The following outlines the “best practices” that pertain to proper landing page design. All of these points are designed to maximize conversions. These rules however, cannot always be followed due to variable campaign specifications and user behavior, so in the end it is up to the site’s designers and visitors to determine what works best. The ideal situation for site designers is to follow these guidelines, then split test to find the results that work best.
Rule #1 – Above The Fold
The top 400 pixels of any website are the most important page real-estate. That area needs to tell the visitor exactly what the site is, and what it is for. They should be able to interpret this on their first read, usually between 1 to 3 seconds. Also, remember they need to be able to find a purchase button without having to think about it. Instant communication is the gold standard.
Rule #2 – Imagery
When it comes to using graphics on landing pages, statistics and user studies have found that images are more effective when they contain photos of real people rather then illustrations. Another major point to remember is to make ALL images clickable, whether they take you to a larger view of the product, or just start the product download. 42% of landing pages on the internet do not have clickable images.
Rule #3 – Make It Obvious What’s Clickable
Do not over-complicate things for the user. Text that is underlined MUST always be clickable. If you want to emphasize something, BOLD it unstead of underlining. Buttons also need to be easy to find. Don’t create buttons that blend into the background. Users love to click, so give them what they want.
Which brings us to:
Rule #4 – Buttons, Buttons, Buttons
There is nothing worse then being in a store and wanting to purchase something and you cannot find a sales associate. A website functions the same way, do not hide the purchase buttons! Make them visible and frequent. It may not be as pretty, but your sales figures will thank you.
Rule #5 – Copy Design
Text and typography are an essential part of any landing page. It’s what will convince the reader to purchase your product. Fonts like Arial and Verdana were designed to make reading on a computer screen easy, so don’t make it difficult. Another essential practice is to avoid using light text on a dark background. This is not something our eyes were designed for, therefore slowing the readers apprehension and overall comprehension of essential content. Along the same lines, users are able to read a lot quicker when paragraphs are kept between 40 – 60 words in width.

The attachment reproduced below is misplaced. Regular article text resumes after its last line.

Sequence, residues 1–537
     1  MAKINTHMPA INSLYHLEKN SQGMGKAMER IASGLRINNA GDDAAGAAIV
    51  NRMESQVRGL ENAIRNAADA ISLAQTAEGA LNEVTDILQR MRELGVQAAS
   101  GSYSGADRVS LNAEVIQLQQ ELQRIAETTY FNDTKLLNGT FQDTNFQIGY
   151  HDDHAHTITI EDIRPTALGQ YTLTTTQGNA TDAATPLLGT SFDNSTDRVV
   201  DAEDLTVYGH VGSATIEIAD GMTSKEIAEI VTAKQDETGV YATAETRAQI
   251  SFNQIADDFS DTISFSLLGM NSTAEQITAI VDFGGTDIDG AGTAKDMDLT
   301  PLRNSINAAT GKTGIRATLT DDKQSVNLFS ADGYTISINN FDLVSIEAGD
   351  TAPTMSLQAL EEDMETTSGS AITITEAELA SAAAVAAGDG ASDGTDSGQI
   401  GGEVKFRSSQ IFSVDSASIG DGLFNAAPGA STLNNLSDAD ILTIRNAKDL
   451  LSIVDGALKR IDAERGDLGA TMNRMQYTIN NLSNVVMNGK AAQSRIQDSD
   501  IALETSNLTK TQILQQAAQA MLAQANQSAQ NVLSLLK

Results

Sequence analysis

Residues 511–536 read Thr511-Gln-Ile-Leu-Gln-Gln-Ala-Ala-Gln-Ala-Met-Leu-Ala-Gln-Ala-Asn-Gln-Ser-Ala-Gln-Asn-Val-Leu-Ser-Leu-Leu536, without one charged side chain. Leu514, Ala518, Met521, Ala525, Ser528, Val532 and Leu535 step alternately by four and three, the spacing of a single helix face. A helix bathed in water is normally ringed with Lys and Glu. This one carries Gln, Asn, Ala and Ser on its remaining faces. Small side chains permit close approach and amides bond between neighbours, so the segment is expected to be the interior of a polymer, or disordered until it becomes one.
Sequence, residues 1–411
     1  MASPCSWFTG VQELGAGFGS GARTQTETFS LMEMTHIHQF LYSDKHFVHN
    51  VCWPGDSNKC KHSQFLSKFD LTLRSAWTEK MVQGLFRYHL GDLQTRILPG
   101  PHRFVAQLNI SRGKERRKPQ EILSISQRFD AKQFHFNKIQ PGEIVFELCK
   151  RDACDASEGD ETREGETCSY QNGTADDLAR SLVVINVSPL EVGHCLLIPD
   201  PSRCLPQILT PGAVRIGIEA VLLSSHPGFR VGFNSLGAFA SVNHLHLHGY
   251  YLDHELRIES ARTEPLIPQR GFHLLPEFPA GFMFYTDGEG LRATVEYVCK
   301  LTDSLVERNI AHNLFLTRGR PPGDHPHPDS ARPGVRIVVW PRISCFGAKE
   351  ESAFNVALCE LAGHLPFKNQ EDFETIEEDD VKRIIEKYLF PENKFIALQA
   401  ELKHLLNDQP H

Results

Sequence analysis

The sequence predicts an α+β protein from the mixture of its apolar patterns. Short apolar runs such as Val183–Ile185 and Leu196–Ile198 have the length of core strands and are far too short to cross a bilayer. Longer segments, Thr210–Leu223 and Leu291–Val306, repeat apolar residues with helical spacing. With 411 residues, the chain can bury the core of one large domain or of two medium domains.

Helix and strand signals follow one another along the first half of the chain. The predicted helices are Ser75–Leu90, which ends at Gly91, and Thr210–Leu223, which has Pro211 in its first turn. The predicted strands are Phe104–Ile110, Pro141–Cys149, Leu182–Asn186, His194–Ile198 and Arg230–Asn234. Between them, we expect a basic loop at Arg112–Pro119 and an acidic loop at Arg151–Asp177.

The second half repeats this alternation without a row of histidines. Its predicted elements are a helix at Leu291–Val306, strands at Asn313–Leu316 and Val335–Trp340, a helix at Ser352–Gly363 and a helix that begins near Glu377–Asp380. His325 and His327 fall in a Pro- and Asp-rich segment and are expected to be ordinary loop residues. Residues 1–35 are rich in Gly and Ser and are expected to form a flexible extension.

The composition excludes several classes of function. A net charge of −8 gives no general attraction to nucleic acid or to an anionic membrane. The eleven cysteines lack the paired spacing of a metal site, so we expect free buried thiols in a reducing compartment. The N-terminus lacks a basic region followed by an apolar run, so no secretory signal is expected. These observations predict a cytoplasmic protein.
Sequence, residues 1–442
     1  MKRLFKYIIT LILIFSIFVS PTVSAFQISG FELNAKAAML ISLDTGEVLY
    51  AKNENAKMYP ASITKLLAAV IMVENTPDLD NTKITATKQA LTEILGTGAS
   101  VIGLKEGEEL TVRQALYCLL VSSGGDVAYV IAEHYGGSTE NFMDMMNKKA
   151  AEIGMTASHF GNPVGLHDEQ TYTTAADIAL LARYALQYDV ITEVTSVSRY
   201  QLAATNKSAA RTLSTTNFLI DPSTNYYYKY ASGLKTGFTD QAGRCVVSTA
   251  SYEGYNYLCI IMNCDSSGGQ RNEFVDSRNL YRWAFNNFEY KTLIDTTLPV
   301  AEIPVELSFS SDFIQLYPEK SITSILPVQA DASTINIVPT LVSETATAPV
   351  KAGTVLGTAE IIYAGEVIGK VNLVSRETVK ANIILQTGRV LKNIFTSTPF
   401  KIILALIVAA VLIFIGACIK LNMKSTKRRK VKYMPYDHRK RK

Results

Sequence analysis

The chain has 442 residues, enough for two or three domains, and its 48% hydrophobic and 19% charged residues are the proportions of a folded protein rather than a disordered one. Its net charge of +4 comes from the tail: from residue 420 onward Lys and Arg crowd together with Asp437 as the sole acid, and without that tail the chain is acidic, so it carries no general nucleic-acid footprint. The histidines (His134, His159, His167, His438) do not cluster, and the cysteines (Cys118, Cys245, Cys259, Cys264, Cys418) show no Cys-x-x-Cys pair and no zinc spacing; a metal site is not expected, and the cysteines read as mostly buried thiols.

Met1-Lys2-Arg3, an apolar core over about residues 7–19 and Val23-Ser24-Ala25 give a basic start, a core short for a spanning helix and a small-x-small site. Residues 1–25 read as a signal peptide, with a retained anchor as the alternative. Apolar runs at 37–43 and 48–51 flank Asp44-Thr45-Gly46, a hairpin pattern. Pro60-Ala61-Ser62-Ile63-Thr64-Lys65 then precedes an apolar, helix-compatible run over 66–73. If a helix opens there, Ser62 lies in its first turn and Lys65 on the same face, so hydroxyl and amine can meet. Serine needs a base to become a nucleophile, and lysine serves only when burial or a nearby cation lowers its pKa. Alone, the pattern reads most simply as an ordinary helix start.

Rule #6 – Consistency
If your landing page is being driven by banner ads on other sites, it is necessary to keep the look and feel consistent between your advertisements and your landing page. Otherwise users may think they have landed on your page by mistake.
How Do I Know My Landing Page Is Working? It’s All About The Testing!
The Truth About Landing Pages
- The most visually appealing sites are not always the best converting. Sometimes ugly sells.
- What works for one page, may not work for another. That giant purple button might work great on your first landing page, but its not guaranteed that it will convert well on your next.
- Only test ONE thing at a time, otherwise your statistics are useless. How do you know whether it was the new button or the new copy that increased conversions? Test them separately, one at a time.
What To Test
Call to Action Buttons – With your buttons, test your color, and the text on the button. Free Download may work better then Download Now, but you won’t know until you test it.
Headlines – Certain phrases may hit a sweet spot with users that makes them convert much more often then other headline copy. Create confidence with your users by using a similar tone throughout your entire campaign (ads, landing page, etc.).
Placement – Statistics in the past have shown that an Internet user’s mouse will follow a similar pattern. So you will want to test the placement of your call to action buttons, to make sure they are easy to find, and easy to click. Always make sure there is a call to action in the view of the user, when they are ready to click, you don’t want them having to look for a button.